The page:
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Recycling the yard waste from your memorial park saves money on disposal, provides you with mulch and can lead to positive publicity.
Being a good neighbor and a good steward of your land is just good business.
Gardeners everywhere are aware of the value of good mulch. Mulch is the organic top-dressing applied to planting beds and gardens. It provides nitrogen, holds water, prevents erosion and reduces weeds, to name a few benefits.
What goes into good mulch is as important as what comes out. With the seasons' cycle, leaves fall, storms pass through and renewed growth begins. By working with these cycles, cemeteries can benefit and even flourish in the wake of seasonal storms.
Let's face it, storms happen. Cemeteries hit by severe weather can sustain excessive landscape damage. These parks, with their mature and manicured landscapes, can end up having to deal with large amounts of plant debris.
Many cemeteries still place seasonal leaves, storm debris and pruning leavings in the trash. At the cost per load, plus the cost of using precious landfill space, this is an expensive solution that can create poor public relations.
Mulching for dollars
Mulch is any product applied to the top layer of the soil to prevent erosion and reduce weeds. Topsoil is what plants prefer to grow in. We make our plant beds with topsoil exclusively or by mixing topsoil with the existing soil to add nutrients.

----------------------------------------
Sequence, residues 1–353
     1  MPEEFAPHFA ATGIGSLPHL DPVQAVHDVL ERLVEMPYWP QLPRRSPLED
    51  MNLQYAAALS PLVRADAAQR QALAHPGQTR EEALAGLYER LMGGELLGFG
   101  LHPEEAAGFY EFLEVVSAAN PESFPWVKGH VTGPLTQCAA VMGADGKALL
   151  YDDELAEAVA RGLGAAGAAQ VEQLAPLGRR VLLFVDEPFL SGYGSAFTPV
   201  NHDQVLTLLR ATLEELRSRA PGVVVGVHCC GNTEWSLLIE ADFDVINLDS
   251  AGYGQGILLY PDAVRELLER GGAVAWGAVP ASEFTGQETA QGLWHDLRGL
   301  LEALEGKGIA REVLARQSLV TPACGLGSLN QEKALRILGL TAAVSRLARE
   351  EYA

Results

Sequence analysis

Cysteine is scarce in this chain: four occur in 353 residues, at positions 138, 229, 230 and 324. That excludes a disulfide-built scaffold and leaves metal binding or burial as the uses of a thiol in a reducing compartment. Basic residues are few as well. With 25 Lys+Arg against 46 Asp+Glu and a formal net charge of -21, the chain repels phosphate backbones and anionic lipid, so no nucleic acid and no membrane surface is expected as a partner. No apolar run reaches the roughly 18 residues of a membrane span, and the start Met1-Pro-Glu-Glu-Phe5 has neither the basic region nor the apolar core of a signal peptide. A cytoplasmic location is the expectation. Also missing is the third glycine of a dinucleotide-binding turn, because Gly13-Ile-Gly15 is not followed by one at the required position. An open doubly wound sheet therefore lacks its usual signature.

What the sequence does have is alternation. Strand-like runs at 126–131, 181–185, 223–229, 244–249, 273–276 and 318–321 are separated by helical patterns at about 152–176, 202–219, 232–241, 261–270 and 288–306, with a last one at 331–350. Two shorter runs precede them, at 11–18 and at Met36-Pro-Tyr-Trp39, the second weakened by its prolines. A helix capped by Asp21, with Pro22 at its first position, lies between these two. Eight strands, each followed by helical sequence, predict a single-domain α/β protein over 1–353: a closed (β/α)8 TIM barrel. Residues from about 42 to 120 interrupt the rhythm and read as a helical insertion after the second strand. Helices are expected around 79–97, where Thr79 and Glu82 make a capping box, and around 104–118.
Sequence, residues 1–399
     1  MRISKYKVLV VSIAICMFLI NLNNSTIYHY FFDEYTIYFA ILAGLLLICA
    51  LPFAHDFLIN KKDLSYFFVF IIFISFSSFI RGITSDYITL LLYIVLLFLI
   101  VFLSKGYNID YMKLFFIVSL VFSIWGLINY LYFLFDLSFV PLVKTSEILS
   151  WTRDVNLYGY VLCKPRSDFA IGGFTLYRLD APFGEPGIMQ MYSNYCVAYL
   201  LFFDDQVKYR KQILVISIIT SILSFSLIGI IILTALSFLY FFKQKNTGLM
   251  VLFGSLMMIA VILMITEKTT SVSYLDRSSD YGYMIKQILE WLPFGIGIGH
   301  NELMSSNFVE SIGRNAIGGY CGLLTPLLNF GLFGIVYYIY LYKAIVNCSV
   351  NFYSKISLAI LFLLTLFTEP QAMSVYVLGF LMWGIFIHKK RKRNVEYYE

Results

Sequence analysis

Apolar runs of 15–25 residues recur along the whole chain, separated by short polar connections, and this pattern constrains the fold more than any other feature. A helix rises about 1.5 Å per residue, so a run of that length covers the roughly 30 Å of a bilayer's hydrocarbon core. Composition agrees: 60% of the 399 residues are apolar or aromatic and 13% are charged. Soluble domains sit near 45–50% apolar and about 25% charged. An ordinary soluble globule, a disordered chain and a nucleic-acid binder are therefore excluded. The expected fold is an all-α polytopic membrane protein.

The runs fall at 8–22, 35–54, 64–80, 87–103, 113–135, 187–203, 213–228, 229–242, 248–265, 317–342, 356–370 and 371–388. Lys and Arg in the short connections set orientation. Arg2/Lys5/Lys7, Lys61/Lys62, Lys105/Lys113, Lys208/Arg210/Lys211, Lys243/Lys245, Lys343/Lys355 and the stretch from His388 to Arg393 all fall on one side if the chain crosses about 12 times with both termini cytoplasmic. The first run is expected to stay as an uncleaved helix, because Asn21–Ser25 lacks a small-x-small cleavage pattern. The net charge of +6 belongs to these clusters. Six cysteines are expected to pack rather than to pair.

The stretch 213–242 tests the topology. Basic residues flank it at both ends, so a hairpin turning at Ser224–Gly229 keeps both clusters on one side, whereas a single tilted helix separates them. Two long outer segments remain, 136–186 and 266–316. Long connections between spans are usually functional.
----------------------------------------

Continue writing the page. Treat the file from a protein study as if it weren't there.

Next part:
With a good mulching program:
• leaves are collected seasonally and turned into a rich topsoil for the next year's planting and construction projects.
• pruned branches, fallen trees and woody debris are chipped and turned into bark mulch as a top dressing for the plant beds.
• grass clippings are left on the ground to provide nitrogen and reduce fertilizer needed in the lawn beds.
Evergreen-Washelli Memorial Park, in Seattle, Washington, which encompasses 140-plus acres, used to annually fill 35 to 45 waste containers, each holding 30 yards, with the leaves, pruning and fallen limbs generated within the park. Now a small portion of the park is set aside so that we can keep this material and render it for use within the cemetery.